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Legalizing Marijuana

Plants used to grow medical marijuana are displayed at a medical marijuana cooperative in Seattle on Oct. 16. 

DES MOINES | A legislative panel on Thursday recommended that lawmakers create a program to produce and dispense medical marijuana, a move that would address shortcomings of a new law that allows the use of cannabis oil. The group also supports reclassifying marijuana so it can be used for medical reasons.

The 10-member Cannabidiol Implementation Study Committee was formed after lawmakers in May approved allowing epilepsy patients to get cannabis oil. Patients or their caregivers need permission from a doctor.

The law did not outline out the oil would be produced or distributed. The bipartisan panel is charged with establishing rules and a photo identification system showing people have permission to have the oil. The card would exempt them from state prosecution.

The oil is used to treat seizures.

Patients or their caregivers will have to travel to other states to get the oil. Some testified to the committee Thursday that there are obstacles to access, quality and affordable.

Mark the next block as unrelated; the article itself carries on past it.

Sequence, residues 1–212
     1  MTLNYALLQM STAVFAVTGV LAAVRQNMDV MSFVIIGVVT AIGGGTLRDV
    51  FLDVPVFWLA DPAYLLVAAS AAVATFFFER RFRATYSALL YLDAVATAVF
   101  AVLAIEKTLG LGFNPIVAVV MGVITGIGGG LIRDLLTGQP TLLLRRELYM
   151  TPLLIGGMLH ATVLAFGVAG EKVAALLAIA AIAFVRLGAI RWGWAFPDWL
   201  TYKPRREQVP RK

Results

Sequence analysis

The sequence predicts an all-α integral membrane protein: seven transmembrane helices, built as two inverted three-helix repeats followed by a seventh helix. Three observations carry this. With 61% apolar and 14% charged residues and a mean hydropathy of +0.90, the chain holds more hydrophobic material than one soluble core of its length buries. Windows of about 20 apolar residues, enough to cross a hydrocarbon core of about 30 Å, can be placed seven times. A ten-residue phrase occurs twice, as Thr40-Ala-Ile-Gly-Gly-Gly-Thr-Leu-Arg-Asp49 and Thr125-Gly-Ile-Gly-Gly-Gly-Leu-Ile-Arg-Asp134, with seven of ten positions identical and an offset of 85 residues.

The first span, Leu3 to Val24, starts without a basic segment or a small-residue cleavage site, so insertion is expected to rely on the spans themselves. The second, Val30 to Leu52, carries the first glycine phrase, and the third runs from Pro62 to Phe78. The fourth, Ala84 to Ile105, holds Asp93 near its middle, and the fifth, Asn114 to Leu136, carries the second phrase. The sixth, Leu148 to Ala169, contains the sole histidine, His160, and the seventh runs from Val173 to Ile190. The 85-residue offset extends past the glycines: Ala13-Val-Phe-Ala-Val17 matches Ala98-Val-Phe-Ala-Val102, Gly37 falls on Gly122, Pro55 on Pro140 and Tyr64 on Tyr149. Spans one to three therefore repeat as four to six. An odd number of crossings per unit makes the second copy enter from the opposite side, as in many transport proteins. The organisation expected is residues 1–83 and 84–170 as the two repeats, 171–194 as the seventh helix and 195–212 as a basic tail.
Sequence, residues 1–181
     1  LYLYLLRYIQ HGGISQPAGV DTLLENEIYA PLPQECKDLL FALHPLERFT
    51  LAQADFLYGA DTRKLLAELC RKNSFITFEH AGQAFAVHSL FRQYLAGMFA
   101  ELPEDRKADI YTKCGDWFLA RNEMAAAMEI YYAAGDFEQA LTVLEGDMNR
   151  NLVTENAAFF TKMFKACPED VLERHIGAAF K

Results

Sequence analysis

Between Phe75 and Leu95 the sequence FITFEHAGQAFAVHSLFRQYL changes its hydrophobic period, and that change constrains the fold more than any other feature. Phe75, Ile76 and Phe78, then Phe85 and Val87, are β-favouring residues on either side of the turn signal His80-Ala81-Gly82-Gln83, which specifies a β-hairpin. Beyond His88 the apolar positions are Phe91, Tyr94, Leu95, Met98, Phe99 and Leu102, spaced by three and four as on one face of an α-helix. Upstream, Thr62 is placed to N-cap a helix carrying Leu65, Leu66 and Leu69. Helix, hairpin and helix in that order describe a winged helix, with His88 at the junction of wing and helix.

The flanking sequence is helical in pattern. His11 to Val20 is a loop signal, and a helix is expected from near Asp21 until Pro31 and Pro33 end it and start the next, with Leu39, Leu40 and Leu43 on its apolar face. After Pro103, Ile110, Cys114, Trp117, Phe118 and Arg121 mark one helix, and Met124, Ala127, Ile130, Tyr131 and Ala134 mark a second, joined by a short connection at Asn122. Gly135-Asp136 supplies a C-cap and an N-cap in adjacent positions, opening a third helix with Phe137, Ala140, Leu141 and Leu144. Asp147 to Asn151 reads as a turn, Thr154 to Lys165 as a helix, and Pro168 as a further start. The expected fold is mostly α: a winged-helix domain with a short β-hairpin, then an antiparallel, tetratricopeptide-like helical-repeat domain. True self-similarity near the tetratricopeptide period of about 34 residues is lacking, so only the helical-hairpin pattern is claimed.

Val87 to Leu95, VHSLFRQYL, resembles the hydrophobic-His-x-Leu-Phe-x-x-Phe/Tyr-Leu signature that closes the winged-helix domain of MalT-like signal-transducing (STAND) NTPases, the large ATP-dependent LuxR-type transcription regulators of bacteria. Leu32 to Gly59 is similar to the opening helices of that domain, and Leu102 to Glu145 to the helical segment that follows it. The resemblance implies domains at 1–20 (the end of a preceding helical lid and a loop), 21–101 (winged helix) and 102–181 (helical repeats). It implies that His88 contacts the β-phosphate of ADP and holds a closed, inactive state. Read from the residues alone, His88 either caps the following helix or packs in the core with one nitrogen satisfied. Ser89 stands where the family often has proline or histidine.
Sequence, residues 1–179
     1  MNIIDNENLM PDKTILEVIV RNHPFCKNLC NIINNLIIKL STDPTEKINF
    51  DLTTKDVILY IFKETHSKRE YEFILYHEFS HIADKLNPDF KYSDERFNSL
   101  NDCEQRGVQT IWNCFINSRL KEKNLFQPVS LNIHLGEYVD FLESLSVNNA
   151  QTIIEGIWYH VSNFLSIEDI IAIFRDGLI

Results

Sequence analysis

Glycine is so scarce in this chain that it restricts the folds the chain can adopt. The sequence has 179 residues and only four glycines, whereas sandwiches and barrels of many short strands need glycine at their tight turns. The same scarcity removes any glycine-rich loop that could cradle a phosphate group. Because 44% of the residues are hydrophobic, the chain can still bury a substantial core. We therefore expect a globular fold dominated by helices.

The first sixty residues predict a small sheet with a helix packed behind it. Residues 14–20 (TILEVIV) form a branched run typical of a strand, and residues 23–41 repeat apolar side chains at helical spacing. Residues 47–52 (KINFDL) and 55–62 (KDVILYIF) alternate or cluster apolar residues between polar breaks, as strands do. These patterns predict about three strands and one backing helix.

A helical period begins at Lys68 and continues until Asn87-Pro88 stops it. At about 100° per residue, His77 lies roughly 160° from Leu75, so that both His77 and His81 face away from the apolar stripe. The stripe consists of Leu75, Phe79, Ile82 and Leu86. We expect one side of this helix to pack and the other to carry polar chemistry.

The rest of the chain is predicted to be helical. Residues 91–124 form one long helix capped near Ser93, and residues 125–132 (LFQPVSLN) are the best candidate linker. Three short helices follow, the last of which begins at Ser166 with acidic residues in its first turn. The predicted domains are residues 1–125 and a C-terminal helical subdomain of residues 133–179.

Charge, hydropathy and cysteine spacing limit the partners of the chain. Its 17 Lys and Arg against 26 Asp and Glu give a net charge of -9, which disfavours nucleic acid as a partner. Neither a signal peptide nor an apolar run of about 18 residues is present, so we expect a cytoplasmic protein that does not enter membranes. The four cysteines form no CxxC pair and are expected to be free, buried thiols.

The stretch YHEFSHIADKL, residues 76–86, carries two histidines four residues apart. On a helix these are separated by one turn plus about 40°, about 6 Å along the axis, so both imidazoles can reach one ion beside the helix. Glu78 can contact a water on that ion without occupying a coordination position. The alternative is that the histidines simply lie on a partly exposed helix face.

Sen. Joe Bolkcom, D-Iowa City, who co-chaired the panel, said Iowa's law "needs some more tinkering to make sure that the families that hope to benefit their suffering children actually get the benefit."

Steve Lukan, director of the Iowa Office of Drug Control Policy, said there are other issues like perceived risk, the effect of marijuana on developing brains and other considerations tied to a medical marijuana expansion that require a "very cautious" and responsible approach.

The panel recommended that lawmakers next session create a program so Iowans can access the oil in the state. 

They also voted to reschedule marijuana as a Schedule II drug, which would allow it to be used for medical purposes. Members voted against a proposal to allow people with cancer and other medical issues use of the drug.

Sen. Charles Schneider, R-West Des Moines, one of the architects of the new law, sounded a note of caution Thursday, said they needed more input in how best to address the deficiencies before expanding what's currently in place.

"I'm really just focused on the bill that we passed, not any kind of broader expansion of what we're doing," he said.


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